Film Review: A Lost WWII Hero Remembered in Slick Thriller ‘The Imitation Game’

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Average: 4.3 (4 votes)

CHICAGO – The heroism of World War II codebreaker Alan Turing has been lost in time. Partly due to the secrecy of his mission within the British military in World War II, but also because of the intolerance that erased him soon after his incredible accomplishments. The story of Turing, a man who helped the Allies win the war but was then persecuted for his closeted homosexuality, is given a long-overdue major feature treatment in the polished ‘Imitation Game’. Oscarman rating: 3.5/5.0
Rating: 3.5/5.0

“The Imitation Game” follows the extremely-focused math genius as he is brought on board by the British military in 1940 to break the German’s infamous Enigma code. The stakes created by Enigma were impossible, in that a code had to be cracked in less than a day before it would completely change, and everything had to start all over. Turing is assisted by a team of other mathematicians (played by Allen Leech, Matthew Goode, Matthew Beard). While the team keeps hitting snags, Turing also seeks to find new talent, and brings onboard a woman named Joan Clarke (Keira Knightley).

When the team makes a breakthrough on Enigma, the drama of their time working secretly during World War II only begins. They are faced with the conflict of what to do with an abundance of new information that could save a lot of lives, but also blow the British’s secret about their current status on Enigma. Meanwhile, Alan hopes to keep his sexual orientation secret, which is considered a crime basically as worse as being a spy.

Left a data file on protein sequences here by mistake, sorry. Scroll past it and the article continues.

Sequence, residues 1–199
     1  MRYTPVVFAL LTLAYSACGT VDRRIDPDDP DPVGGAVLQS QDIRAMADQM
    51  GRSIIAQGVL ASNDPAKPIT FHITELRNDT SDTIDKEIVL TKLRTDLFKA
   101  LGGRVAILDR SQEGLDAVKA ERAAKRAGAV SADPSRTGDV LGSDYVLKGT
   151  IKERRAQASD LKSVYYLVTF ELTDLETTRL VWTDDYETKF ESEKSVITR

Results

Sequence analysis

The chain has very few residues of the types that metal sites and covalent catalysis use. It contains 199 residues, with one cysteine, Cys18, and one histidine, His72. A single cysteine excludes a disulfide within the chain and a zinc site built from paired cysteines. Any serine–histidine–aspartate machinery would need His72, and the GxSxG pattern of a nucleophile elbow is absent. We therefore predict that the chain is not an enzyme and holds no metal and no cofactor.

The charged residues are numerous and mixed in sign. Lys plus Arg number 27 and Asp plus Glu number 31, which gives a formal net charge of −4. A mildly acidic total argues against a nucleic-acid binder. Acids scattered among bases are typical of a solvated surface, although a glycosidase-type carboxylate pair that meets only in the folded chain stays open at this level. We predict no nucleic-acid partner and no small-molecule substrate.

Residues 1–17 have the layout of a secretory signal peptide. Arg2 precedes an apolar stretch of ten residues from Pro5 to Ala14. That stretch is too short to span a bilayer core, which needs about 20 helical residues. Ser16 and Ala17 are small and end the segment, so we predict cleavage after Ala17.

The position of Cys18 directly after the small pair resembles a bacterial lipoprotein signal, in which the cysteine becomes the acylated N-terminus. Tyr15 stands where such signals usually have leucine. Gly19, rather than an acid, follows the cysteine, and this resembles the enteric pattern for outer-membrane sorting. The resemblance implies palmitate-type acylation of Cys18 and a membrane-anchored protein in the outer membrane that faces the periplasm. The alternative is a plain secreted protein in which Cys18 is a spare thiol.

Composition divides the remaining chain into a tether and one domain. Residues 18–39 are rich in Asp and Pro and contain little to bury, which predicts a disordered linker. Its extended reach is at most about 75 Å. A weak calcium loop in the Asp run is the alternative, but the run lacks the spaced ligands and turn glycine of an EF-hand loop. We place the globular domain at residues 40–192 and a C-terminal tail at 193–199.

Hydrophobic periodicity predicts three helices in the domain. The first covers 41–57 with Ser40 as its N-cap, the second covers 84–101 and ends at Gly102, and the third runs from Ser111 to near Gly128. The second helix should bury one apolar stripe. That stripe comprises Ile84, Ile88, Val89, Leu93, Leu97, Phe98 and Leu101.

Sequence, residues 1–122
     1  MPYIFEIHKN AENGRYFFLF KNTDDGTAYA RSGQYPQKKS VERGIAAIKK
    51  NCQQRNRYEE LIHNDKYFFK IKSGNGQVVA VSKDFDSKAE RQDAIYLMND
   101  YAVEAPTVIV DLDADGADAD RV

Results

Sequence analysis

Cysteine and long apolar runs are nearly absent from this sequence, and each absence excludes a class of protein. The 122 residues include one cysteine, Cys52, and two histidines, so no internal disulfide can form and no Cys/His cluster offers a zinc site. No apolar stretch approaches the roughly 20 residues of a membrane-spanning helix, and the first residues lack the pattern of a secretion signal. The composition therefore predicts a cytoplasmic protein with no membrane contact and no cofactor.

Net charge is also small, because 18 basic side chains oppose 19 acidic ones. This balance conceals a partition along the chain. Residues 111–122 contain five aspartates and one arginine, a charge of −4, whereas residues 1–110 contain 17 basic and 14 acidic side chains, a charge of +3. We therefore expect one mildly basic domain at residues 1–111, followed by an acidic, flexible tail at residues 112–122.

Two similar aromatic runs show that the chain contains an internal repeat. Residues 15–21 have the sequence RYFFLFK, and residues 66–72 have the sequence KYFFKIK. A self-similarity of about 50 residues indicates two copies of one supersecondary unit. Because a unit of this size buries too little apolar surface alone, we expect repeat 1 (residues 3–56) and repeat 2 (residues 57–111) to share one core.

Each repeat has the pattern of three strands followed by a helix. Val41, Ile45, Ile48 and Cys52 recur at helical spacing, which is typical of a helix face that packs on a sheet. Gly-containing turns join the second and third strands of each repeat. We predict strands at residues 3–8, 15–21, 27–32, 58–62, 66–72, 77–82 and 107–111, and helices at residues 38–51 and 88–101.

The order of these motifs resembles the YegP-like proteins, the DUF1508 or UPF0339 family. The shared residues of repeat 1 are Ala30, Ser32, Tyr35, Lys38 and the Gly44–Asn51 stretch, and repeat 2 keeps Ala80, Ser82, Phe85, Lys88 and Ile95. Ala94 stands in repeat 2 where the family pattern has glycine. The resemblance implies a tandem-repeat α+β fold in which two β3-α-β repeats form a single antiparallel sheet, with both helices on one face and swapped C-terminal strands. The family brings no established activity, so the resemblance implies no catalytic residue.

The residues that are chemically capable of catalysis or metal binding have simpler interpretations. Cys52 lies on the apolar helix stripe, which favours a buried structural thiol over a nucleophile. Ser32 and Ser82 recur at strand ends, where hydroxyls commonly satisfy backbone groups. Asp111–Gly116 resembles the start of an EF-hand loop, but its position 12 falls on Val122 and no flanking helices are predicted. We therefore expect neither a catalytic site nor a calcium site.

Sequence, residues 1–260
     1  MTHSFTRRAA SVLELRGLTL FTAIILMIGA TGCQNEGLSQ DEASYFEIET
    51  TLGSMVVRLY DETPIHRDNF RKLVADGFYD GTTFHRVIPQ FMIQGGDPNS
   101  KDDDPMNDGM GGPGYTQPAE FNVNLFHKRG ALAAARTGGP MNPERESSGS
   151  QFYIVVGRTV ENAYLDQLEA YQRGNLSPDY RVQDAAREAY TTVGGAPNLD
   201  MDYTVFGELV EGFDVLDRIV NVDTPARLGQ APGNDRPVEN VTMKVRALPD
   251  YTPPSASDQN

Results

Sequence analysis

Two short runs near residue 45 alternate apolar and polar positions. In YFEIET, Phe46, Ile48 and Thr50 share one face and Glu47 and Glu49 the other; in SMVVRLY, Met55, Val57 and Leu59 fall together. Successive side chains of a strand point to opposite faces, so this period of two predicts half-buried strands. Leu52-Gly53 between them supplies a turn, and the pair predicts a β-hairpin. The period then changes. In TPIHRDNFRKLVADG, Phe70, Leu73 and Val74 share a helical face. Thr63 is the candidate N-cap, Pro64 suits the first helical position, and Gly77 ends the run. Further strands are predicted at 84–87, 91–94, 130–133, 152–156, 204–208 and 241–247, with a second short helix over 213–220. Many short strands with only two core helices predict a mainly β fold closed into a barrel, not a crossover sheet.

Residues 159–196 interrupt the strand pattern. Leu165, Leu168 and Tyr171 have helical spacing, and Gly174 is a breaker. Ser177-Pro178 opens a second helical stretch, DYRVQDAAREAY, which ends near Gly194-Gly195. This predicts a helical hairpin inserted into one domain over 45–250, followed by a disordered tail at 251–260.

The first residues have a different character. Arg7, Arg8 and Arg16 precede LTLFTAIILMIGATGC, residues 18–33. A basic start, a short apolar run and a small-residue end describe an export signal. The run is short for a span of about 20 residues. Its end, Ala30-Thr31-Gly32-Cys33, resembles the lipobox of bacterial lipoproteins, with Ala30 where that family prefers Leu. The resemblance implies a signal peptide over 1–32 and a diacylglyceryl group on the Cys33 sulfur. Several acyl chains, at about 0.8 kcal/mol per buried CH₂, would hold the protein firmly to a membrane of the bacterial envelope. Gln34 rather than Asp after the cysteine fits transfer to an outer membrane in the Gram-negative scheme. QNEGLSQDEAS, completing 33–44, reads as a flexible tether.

In one of the year’s best performances, Cumberbatch introduces Turing to the world, and proves his cinematic guff with an inhabited performance that he rides to the very tragic end of Turing’s tale. Cumberbatch stages the lost historical figure as a mind that is constantly at work, his precise facial mannerisms and stumbling dialogue creating an instant impression of how brilliant a human being could be. Cumberbatch treats his crucial role with equal sharpness and sensitivity, imbuing charisma on an inward character, and fashioning Turing as a magnetic underdog against flatly opposing bosses and confrontational teammates.

“The Imitation Game” opened in Chicago on December 12th. Featuring Benedict Cumberbatch, Keira Knightley, Matthew Goode, Allen Leech, Matthew Beard, and Mark Strong. Written by Graham Moore. Directed by Morten Tyldum. Rated “PG-13”

StarContinue reading for Nick Allen’s full review of “The Imitation Game”

‘The Imitation Game
The Imitation Game
Photo credit: The Weinstein Company

StarContinue reading for Nick Allen’s full review of “The Imitation Game”

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